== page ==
To address the often complex and intersecting challenges faced by clients as they transition to adulthood, YJP will use a holistic model of client representation to screen for a range of issues and provide representation or referrals to individual clients. Additionally, YJP will work closely with community partners to share information and resources and refer cases to ensure that the most vulnerable youth are accessing needed services. Finally, YJP will work closely with other youth advocates to ensure that youth have access to the supports and opportunities necessary to transition successfully into adulthood and out of poverty.

Said CLS Staff Attorney and Independence Foundation Fellow Claire Grandison, “Youth Justice Project is unique because we serve an often-ignored population through a coalition of advocates and service providers who work to share information, streamline referrals, and collaborate to improve outcomes for youth. Youth often face multiple issues simultaneously, and our coalition allows us to facilitate high-quality representation on a wider range of issues and make it easier for youth to access services that one organization alone can’t provide. With the help of our community partners, we can also connect with youth in the community to ensure they can access the services they need.”

In addition to providing comprehensive legal services to youth, YJP has worked closely with its community partners, including Defenders Association of Philadelphia, Education Law Center, Juvenile Law Center, Legal Clinic for the Disabled, Pennsylvania Disproportionate Minority Contact, and Youth Sentencing and Reentry Project, to create factsheets and a resource guide specifically geared towards youth. The new materials answer common questions youth face, such as how to get a juvenile record expunged, get child support, or access critical public benefits. Additionally, YJP developed a report that outlines specific challenges youth face and suggests ways these challenges can be overcome.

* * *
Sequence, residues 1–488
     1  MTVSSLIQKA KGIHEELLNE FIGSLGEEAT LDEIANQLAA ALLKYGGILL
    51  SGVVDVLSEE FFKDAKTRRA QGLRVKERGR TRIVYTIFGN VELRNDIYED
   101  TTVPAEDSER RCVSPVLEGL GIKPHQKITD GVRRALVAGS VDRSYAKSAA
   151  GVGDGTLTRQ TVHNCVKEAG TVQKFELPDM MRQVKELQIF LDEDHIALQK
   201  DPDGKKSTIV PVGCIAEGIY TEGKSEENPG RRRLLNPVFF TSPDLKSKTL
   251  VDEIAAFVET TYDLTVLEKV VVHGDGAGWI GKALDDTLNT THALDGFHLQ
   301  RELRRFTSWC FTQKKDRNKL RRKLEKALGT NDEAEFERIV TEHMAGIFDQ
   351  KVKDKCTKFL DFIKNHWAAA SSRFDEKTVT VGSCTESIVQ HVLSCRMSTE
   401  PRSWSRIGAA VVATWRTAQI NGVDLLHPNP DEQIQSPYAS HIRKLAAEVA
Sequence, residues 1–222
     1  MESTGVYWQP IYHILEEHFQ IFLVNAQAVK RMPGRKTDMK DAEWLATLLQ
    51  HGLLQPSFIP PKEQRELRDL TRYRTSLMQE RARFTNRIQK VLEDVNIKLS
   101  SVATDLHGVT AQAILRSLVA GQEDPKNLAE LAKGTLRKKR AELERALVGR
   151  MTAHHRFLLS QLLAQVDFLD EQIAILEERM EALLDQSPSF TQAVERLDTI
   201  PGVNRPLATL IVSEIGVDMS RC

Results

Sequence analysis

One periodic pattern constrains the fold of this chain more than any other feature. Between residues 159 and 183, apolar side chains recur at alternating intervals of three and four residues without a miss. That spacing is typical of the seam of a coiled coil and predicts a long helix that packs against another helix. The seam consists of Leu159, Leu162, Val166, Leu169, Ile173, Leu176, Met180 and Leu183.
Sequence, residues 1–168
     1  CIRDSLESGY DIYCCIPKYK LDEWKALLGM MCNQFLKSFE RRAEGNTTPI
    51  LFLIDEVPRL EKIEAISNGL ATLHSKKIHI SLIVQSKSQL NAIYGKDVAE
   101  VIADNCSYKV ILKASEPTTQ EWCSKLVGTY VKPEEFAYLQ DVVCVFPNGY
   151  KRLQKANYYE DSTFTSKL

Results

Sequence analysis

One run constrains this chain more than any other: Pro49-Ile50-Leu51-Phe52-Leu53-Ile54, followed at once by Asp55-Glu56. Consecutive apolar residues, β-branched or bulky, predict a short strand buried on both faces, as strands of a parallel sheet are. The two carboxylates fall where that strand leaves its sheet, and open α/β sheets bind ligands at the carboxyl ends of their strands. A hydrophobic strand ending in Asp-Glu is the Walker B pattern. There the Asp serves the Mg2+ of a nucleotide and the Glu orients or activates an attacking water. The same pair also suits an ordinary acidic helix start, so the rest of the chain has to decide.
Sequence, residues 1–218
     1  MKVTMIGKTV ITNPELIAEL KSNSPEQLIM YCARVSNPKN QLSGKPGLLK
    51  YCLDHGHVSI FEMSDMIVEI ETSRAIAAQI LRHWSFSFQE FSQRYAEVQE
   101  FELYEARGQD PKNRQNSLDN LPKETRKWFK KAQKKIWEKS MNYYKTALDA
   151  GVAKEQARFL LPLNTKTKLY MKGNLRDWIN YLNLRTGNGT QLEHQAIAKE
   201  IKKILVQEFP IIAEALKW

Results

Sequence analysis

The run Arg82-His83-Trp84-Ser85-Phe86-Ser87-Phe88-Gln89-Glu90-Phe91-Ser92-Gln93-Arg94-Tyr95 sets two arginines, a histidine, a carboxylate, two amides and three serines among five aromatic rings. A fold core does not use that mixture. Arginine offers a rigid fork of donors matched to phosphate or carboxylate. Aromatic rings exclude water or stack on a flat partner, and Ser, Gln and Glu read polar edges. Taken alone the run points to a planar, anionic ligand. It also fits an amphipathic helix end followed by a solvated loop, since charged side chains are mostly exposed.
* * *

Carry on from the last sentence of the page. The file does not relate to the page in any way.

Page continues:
“We’re working with particularly vulnerable subsets of youth, like teen parents. Teen parents face a variety of challenges older parents do not face. They have limited housing options, and are often improperly turned away from courts or public benefits offices due to their age. They are also very likely to rely on the advice of adults, even when that advice is incorrect, because they are not accustomed to pushing back on authority figures,” said Jesse Krohn, an attorney at Philadelphia Legal Assistance. She added, “When working with these young people, it’s important to not only help them address their legal problems, but to help them learn to be powerful self-advocates.”

Rose, who came to Community Legal Services for help as a 24-year-old single mother, explained, “As a young single mom, it’s really hard. When I was younger I let people who were bad influences drag me back and stop me from reaching my goals. I was suffering from depression and had so much weighing on my mind. Getting legal help changed my perspective so I could think about moving forward with my life. It helped me think more positively and make a plan to start moving toward my future goals.”

The Youth Justice Project report, resource guide, and fact sheets are all available online at and